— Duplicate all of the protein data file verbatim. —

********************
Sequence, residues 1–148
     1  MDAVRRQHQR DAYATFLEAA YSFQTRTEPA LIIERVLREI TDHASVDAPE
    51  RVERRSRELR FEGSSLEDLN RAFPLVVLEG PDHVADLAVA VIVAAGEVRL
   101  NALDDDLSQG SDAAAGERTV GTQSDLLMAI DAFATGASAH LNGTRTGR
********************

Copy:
Sequence, residues 1–148
     1  MDAVRRQHQR DAYATFLEAA YSFQTRTEPA LIIERVLREI TDHASVDAPE
    51  RVERRSRELR FEGSSLEDLN RAFPLVVLEG PDHVADLAVA VIVAAGEVRL
   101  NALDDDLSQG SDAAAGERTV GTQSDLLMAI DAFATGASAH LNGTRTGR